4. Paul Clark, you’re heading the challenge to climb Mount Snowdon in May. How and why did you first become involved with STEEL BONES?

After my amputation on 30th May 2016, it was a very hard and lonely time for myself and my family. We didn’t know who to turn to for help and support and we felt very isolated. We didn’t know what support we could get or where to even start looking. We found there to be a big lack of understanding in the public and government as to what amputation means for an individual and their family.

We came across the STEEL BONES Facebook group and realised they were local, and had been in a very similar situation to us when Leigh lost his leg. They were offering free help and support to amputees and their families, so we contacted them for some advice.

Their support from day one was fantastic. Not only did they give us advice on who to contact regarding different matters, they also helped from with forms, letters and so on until we were sorted. Their support didn’t stop after this – they continue to support myself and my family with information and advice. They have also introduced us to many new friends in the same situation. It has become one big happy amputee family!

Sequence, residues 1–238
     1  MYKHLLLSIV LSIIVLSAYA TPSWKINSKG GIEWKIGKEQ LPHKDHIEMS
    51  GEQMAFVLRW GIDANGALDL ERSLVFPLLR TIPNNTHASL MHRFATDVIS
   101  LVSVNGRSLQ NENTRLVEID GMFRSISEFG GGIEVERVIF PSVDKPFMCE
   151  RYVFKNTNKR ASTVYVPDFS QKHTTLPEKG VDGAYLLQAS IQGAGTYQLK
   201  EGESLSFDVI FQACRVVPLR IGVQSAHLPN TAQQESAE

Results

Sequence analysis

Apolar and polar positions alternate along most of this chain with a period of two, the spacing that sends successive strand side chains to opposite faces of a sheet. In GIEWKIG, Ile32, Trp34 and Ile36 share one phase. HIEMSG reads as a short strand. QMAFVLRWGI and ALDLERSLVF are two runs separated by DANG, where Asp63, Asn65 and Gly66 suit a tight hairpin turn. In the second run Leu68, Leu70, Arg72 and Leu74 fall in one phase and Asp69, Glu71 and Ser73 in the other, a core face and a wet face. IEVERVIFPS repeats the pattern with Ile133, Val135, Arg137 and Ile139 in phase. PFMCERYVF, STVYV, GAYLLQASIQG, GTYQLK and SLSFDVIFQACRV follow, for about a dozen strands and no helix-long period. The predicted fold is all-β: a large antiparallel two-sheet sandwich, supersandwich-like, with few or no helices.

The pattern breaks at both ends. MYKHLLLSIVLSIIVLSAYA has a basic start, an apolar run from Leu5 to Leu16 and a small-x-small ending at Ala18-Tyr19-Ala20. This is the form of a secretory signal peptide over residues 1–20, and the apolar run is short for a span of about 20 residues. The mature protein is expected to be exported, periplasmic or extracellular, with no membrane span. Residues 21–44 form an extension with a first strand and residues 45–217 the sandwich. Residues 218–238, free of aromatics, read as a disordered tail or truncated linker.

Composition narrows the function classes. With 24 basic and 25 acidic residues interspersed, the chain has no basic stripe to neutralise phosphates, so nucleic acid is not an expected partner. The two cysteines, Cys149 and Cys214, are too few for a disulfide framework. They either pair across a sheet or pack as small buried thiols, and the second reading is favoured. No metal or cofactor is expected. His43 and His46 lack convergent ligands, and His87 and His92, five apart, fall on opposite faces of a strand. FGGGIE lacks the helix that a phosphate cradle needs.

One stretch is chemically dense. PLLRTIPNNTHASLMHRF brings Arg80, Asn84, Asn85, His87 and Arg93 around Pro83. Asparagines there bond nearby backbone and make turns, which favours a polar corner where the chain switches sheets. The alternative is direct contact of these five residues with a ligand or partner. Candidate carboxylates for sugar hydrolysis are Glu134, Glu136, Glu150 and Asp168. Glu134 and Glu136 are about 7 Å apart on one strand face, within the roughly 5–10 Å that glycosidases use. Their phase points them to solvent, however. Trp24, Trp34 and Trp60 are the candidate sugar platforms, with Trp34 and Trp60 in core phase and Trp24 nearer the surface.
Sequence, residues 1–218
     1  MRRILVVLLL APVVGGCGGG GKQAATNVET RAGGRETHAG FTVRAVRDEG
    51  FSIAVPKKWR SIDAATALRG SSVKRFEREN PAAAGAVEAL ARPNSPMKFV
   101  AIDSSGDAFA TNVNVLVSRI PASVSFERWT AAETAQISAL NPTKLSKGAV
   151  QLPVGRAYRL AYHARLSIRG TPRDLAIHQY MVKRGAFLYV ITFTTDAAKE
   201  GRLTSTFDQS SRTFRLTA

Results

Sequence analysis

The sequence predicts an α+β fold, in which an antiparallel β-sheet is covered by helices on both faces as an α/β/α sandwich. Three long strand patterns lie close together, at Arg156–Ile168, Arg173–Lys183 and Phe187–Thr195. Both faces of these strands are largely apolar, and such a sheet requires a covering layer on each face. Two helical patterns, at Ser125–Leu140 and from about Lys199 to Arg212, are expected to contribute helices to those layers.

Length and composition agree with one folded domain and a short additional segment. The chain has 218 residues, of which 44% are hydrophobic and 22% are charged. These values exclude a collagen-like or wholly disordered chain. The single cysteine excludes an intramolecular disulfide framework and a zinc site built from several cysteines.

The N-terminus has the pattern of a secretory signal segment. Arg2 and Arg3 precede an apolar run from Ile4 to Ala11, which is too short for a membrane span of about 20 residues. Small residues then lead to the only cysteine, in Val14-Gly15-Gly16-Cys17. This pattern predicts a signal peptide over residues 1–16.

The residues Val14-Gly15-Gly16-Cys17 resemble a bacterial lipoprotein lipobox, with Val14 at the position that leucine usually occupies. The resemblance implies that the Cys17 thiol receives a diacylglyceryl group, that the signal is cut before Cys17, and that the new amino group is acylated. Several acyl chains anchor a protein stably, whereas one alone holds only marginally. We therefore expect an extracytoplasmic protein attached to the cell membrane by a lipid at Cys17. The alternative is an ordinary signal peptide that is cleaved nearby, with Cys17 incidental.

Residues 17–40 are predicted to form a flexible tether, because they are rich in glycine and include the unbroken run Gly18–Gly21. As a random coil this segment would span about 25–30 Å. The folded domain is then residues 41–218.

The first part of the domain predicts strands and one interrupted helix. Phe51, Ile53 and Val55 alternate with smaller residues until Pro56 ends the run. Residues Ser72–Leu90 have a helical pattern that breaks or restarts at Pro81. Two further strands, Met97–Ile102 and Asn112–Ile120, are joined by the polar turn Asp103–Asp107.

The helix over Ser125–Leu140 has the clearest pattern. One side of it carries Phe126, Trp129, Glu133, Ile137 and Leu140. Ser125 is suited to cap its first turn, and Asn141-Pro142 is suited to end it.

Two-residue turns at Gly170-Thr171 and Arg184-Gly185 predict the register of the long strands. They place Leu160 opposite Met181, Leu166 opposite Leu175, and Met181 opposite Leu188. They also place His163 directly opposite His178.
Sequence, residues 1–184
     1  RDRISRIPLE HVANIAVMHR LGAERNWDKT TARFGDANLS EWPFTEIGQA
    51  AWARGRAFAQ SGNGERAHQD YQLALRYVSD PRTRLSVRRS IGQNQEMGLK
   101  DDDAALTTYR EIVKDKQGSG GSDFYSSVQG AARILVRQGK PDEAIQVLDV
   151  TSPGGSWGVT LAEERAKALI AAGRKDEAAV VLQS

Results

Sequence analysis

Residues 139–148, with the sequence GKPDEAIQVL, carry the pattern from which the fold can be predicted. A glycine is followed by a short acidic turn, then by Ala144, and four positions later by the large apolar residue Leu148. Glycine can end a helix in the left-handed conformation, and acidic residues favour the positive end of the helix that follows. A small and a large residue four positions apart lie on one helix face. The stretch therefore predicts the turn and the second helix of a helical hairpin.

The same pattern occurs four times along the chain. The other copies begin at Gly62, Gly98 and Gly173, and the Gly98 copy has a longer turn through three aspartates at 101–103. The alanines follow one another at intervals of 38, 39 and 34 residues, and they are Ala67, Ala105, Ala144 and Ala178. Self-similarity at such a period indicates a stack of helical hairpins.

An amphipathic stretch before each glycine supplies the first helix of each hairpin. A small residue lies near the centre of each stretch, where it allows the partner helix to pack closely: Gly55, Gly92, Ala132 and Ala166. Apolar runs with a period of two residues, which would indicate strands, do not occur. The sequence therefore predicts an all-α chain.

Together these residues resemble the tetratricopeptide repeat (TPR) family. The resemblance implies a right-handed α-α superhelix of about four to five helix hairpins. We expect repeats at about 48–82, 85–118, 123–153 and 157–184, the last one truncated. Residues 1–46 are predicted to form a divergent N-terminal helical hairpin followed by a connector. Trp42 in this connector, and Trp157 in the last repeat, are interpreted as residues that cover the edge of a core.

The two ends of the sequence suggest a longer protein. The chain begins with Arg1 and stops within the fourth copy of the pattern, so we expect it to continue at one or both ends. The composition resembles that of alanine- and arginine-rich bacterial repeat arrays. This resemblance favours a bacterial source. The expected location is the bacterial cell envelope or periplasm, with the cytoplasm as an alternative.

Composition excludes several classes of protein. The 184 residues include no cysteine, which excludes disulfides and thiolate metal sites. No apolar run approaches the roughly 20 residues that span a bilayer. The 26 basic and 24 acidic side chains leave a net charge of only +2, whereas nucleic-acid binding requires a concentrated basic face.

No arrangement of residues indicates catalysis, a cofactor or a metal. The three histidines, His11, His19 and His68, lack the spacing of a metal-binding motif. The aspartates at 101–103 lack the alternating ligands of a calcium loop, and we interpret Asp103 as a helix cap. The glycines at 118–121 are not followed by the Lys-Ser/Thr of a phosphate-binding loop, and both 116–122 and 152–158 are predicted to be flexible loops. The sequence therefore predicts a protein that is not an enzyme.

Paul Clark, who led the team of amputees in their challenge to climb Mount Snowdon

5. Where did the idea come from?

My wife and I have always wanted to climb Mount Snowdon, so we said let’s still do it and raise money for STEEL BONES to thank them. The money raised will allow them to continue supporting other amputees and their families throughout the UK.

6. What are you hoping to achieve as a result of the challenge you have set for yourselves?

Not only is this a personal goal of ours, and a massive challenge, we also hope to promote amputee awareness throughout the UK. We want people to be aware that just because I have lost a limb, it doesn’t make me any different, and I can still overcome challenges like anyone else.

I have managed to get a great team to join me on this amazing adventure, and it’s great that I have managed to pull together a group of amputees from around the UK. Not only will this bond us as a group, it will challenge us all and show that amputees can do anything, whilst also raising a fantastic amount of money for STEEL BONES.

Show your support for the team and make a donation by clicking here.


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Ambulance Action

Improving Emergency Care for people with neuromuscular conditions

One of many campaigns fronted by Muscular Dystrophy UK is the #AmbulanceAction campaign. MDUK are working alongside health care professionals and people, like me, with neuromuscular conditions to improve emergency care in the West Midlands and Northern Ireland.

Since I am resident in the West Midlands, I was invited to be a part of this long-running campaign.